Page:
Friday, December 28, 2012

Log archive & analysis with Amazon S3 and Glacier - Part III

A recap from the previous posts:
In this post, we will see how to push logs from the local storage to the central log storage - Amazon S3 and what the considerations are.

Amazon S3 folder structure
The logs are going to be generated throughout the day and hence we need to have a proper folder structure to store them in S3. Logs will be particularly useful to perform analysis such as a production issue or to find a usage pattern such as feature adoption by users/month. Hence it will make sense to store them by year/month/day/hour_of_the_day structure.

Multiple Instances
The web tier will be automatically scaled and we will have multiple Instances always running for High Availability and Scalability. So, even if we have logs stored hourly basis, we will be having log files with similar names from multiple Instances. Hence the folder structure needs to factor multiple Instances as well. The resultant folder structure in S3 will look something like this

Amazon S3 Log Folder Structure
Amazon S3 Log Folder Structure
Note in the above picture (as encircled) that we are storing "Instance" wise logs for every hour.

Log Rotation
Every logging framework will have an option to rotate the log files on size, date, etc...We will be periodically pushing the log files to Amazon S3 and hence it might make sense to say, rotate the log file every hour and push it to S3. But the downside to that is, we cannot anticipate the traffic to the web tier and that's the reason we have the web tier scaling automatically on demand. If there is a sudden surge in the traffic which may result in large log files generated, it will start filling up the file system eventually making the Instance unavailable. Hence it is better to rotate the log files by size.

You can use the default logrotate available in Linux systems to rotate the log files on size. Logrotate can be configured to call a post script after the rotation to enable us push the newly rotated files to S3. A sample logrotate implementation will look like this:

Note: If you are using logrotate, make sure your logging framework isn't configured to rotate

/var/log/applogs/httpd/web {
        rotate 52
        size 50M
        create 644 root root
                /usr/local/admintools/ web &> /var/log/custom/web_logrotate.log

The above set of commands rotate the "httpd" log files whenever the size reaches 50M. It also calls a "postrotate" script to compress the rotated file and upload it to S3.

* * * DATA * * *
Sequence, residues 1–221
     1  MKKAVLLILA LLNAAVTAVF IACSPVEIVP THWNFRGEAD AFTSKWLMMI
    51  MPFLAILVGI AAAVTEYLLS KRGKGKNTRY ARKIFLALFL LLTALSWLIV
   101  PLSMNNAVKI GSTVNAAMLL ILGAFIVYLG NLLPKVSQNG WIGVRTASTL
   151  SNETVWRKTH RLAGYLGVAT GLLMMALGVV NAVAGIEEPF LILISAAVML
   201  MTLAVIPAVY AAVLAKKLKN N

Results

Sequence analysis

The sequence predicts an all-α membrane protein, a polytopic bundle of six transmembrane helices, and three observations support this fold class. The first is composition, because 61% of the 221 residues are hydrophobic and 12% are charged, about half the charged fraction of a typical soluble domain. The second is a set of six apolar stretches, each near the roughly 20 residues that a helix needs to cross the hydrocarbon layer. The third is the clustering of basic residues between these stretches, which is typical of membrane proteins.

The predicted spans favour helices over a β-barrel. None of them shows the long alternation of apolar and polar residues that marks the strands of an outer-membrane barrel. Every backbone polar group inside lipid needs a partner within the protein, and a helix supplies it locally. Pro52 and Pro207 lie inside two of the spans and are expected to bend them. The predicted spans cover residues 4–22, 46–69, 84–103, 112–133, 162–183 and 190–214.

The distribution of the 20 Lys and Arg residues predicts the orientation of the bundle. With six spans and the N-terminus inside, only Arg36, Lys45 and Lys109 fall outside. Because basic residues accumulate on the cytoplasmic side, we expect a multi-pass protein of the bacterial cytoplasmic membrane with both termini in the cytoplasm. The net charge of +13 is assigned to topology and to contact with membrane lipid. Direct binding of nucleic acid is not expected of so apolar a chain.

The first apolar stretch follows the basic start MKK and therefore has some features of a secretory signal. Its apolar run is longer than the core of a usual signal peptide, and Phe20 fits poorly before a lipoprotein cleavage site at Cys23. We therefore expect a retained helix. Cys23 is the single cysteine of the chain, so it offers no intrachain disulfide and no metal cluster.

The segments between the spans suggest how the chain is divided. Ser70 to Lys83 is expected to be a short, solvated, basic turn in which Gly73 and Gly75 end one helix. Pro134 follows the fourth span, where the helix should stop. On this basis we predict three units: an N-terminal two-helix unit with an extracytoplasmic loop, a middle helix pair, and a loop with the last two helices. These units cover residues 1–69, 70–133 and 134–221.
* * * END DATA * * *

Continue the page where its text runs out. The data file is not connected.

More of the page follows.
Upload to S3
The next step is to upload the rotated log file to S3.
  • We need a mechanism to access the S3 API from the shell to upload the files. S3cmd is a command line tool that is widely used and recommended for accessing all S3 APIs through the command line. We need to setup the CLI in the Instance
  • We are rotating by size but we will be uploading to a folder structure that maintains log files by the hour
  • We will also be uploading from multiple Instances and hence we need to fetch the Instance Id to store in the corresponding folder. Within EC2, there is an easy way to get Instance meta data. If we "wget" "" it will provide the Instance meta-data such as InstanceId, public DNS, etc.. For example if we "wget" "" we will get the current Instance Id
The following set of commands will compress the rotated file and upload them into the corresponding S3 bucket

# Perform Rotated Log File Compression
tar -czPf /var/log/httpd/"$1".1.gz /var/log/httpd/"$1".1

# Fetch the instance id from the instance
EC2_INSTANCE_ID="`wget -q -O -`"
if [ -z $EC2_INSTANCE_ID ]; then
echo "Error: Couldn't fetch Instance ID .. Exiting .."
        # Upload log file to Amazon S3 bucket
        /usr/bin/s3cmd -c /.s3cfg put /var/log/httpd/"$1".1.gz s3://$BUCKET_NAME/$(date +%Y)/$(date +%m)/$(date +%d)/$EC2_INSTANCE_ID/"$1"/$(hostname -f)-$(date +%H%M%S)-"$1".gz
# Removing Rotated Compressed Log File
rm -f /var/log/httpd/"$1".1.gz

Now that the files are automatically getting rotated, compressed and uploaded to S3 there is one last thing to be taken care of.

Run While Shutdown
Since the web tier will automatically scale depending upon the load, Instances can be pulled off (terminated) when load decreases. During such scenarios, we might be still left with some log files (maximum of 50MB) that didn't get rotated and uploaded. During shutdown, we can have a small script, that will forcefully call the logrotate to rotate the final set of files, compress and upload.
stop() {
echo -n "Force rotation of log files and upload to s3 intitiated"
/usr/sbin/logrotate -f /etc/logrotate.d/web
exit 0

We need to provide Access Key and Secret Access Key to the S3cmd utility for S3 API access. Do NOT provide the AWS account's Access Key and Secret Access Key. Create an IAM user who has access to only the specific S3 bucket where we are uploading the files and use the IAM user's Access Key and Secret Access Key. A sample policy allowing access for the IAM user to the S3 log bucket would be

  "Statement": [
      "Sid": "Stmt1355302111002",
      "Action": [
      "Effect": "Allow",
      "Resource": [
  • The above policy allows the IAM user to perform all actions on the S3 bucket. The user will not have permission to access any other buckets or services
  • If you want to restrict further, instead of allowing all actions on the S3 bucket, we can allow only PutObject (s3:PutObject) for uploading the files
  • Through the above approach, you will be storing the IAM credentials on the EC2 Instance itself. An alternative approach is to use IAM Roles so that the EC2 Instance will obtain the API credentials at runtime
With that we have the web tier log files automatically getting rotated, compressed and uploaded to Amazon S3 and stored in a central location. We have access to log information by the year/month/day/hour and Instance-wise.

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